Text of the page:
We were most manly of men. We tested out mettle by roasting in the wastes of the Mohave by day to shiver the night under the stars. Young and foolish, we invaded caves with the most primitive of scaling and lighting implements to put our necks on the line in the way that young men will when testing their manhood. We evaded slippery death to engage in forced marches to the peaks of snow-covered mountains on moonlit nights. We escaped freezing death to push the boundaries of perception via chemical means and returned intact. Though irrationally reckless we considered ourselves sternly rational and clove to the study of the physical sciences and mathematics.
Spring break prompted our road trip, from Tucson north to the Navajo Nation and the cliff ruins of XXX. A full day drive and a ten-mile hike brought us to the base of XXX. We used the twilight to crawl along a precarious trail carved centuries ago by the long disappeared inhabitants, along and up the face of the cliff, over the lower lip, and slipped into the ruins.
The walls of the rooms, flat stones upon flat stones, stood largely untouched by vandals. In the fading light, now augmented by a full moon rising large in the east, we stumbled about. No flashlights to assist we speculated as to the mystery of the inhabitants long disappeared. The roof above, pierced by a smooth rimmed eye-hole of some fifty feet diameter, enclosed stars that shone, twinkled, in the air currents that passed through the eye.
My companion and I found a comfortably low wall, sat ourselves down, and lit some weed. The moonlight provided the little illumination our eyes craved. Never the chattering types but always content in strange circumstances as this, we grew quiet and basked in the mystery. It was a black and silver scene, all contrast. Our eyes and ears open, we sat and stared into the jumble of walls of the vanished community and privately speculated. What had driven them away; was it disease, drought, invasion; what had caused them to abandon their home?
In the dark, my eyes strained for color. I raised my sight to the eye-hole above where the stars seemed to shout their brilliance and appeared as a thousand miniscule gems embedded in a single gigantic setting. Lowering my gaze to the ruins below, I took the last drag and ate the roach.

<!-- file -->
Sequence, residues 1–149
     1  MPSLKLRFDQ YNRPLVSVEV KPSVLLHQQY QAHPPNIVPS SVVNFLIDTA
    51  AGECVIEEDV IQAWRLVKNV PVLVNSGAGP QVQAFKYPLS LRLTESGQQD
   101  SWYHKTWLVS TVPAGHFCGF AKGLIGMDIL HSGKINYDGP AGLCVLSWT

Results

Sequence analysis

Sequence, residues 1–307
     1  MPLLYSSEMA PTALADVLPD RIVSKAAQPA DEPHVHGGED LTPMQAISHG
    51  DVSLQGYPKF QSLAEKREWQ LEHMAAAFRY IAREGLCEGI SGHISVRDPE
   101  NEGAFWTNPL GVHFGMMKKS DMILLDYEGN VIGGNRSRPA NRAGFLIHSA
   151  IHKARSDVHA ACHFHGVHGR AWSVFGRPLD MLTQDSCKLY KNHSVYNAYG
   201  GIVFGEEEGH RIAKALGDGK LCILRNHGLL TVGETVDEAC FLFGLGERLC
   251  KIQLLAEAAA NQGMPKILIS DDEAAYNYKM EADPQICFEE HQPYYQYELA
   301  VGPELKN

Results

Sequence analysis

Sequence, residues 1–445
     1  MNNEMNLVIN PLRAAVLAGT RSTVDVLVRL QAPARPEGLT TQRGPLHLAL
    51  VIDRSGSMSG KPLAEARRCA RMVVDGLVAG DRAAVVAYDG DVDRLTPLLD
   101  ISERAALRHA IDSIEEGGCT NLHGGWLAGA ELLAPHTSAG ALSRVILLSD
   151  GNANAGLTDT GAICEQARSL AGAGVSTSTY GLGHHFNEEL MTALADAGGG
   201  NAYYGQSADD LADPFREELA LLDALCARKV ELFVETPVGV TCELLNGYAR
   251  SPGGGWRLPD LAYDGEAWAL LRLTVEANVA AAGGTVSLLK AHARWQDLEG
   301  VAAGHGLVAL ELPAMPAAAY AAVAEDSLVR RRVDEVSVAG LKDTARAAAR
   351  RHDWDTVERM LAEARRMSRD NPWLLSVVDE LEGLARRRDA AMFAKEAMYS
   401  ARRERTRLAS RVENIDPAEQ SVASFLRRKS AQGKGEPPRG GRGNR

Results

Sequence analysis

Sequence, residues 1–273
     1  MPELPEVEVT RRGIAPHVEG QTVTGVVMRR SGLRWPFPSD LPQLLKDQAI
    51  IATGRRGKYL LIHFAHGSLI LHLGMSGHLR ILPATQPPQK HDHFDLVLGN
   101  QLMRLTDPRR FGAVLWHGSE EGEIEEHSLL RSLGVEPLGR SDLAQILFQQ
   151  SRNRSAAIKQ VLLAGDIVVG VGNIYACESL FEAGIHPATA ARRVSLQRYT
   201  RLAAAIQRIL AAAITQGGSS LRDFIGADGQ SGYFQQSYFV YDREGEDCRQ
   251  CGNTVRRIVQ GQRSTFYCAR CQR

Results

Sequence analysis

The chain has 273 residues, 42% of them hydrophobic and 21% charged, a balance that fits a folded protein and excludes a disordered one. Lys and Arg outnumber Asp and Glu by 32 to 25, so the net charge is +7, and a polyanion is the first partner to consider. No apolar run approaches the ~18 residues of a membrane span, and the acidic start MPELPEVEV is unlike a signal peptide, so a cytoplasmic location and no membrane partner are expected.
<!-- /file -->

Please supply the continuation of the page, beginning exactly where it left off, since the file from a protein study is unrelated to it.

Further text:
What creepy-crawly things might be moving near? It was too cold to fear rattlesnakes or scorpions. A rat or two might call this home but without the easy food source provided by the aboriginals they would be few. A flitting from above hinted of bats wedged into the cracks above our heads but surely there was no creature about, able to bring us harm. My ears strained to be filled with sound, but received nothing in return.
I caught a movement in the corner of my field of vision. It naturally drew my gaze and I fought to bring the blackness into focus. I waited and watched. Then, my heart leaped into my mouth as I saw a shadow figure move silently from one of the small rooms into the hallway that split the community. The figure paused briefly, then slipped into another room. I'd heard nothing, was uncertain I'd seen anything at all, as the moment was so brief. It appeared to have a man shape but without a neck, nor were hands or feet discernible. Its shape brought to mind the simple stylized form of the “walk” icon at crosswalks but without a neck, just a bullet shaped head attached to a torso. The most striking of all was that it seemed blacker than the surrounding blackness.
My heart had jumped up but I remained sitting, staring into the dark. Minutes passed and then again I saw it as it rose from behind a low wall and it stood before me at a short distance, unmoving. It's eyeless presence seemed to be looking directly into me, challenging me. I stared silently into the dark at it. It was the purest possible black, so black it made the surrounding darkness comfortably light.
I shifted my gaze slowly to my companion to find him staring silently, into the same darkness. I turned my gaze to its original place, to discover with a light shock the figure was missing. Though my heart now raced, I was still certain it was only a figment of my imagination and the smoke. Raising my sight again to the eye-hole, I found the stars as before competing with each other in brilliance in a sky made dark violet by the rising moon. But something had changed.
The edge of the eye hole, previously regular, and smooth, now bore an unmistakable defect. Where the rim was previously unbroken, I now saw a bullet-headed torso-figure projecting over the edge and seemed to be staring down upon us. I was certain the artifact had not been there before. I'd reached an end with this adventure, and turning to my companion I said with all the composure I could muster, “Let's go.” I'd known my friend from adolescence and thought of him as made of steel. But his response, “Yeah, let's go”, contained an element of fear I'd not heard in his voice before nor since.
We made our way down the precarious moonlit foot-holds, into the canyon below. Only when we were safely on our path to home did we stop and raise our eyes to the gaping mouth of the community above. In the moonlight, the cliff, illuminated in the stark moonlight sneered white faced, the jagged ruin's broken teeth set in its gaping mouth. We briefly compared our experiences and then marched.
We conspired to explain away the experience as merely a figment of our overactive imaginations, combined with the extreme sensory deprivation of an unfamiliar setting. We satisfied ourselves with our rational conclusions but determined there would never need be a return to the ruins. Why should one test such a tidy hypothesis?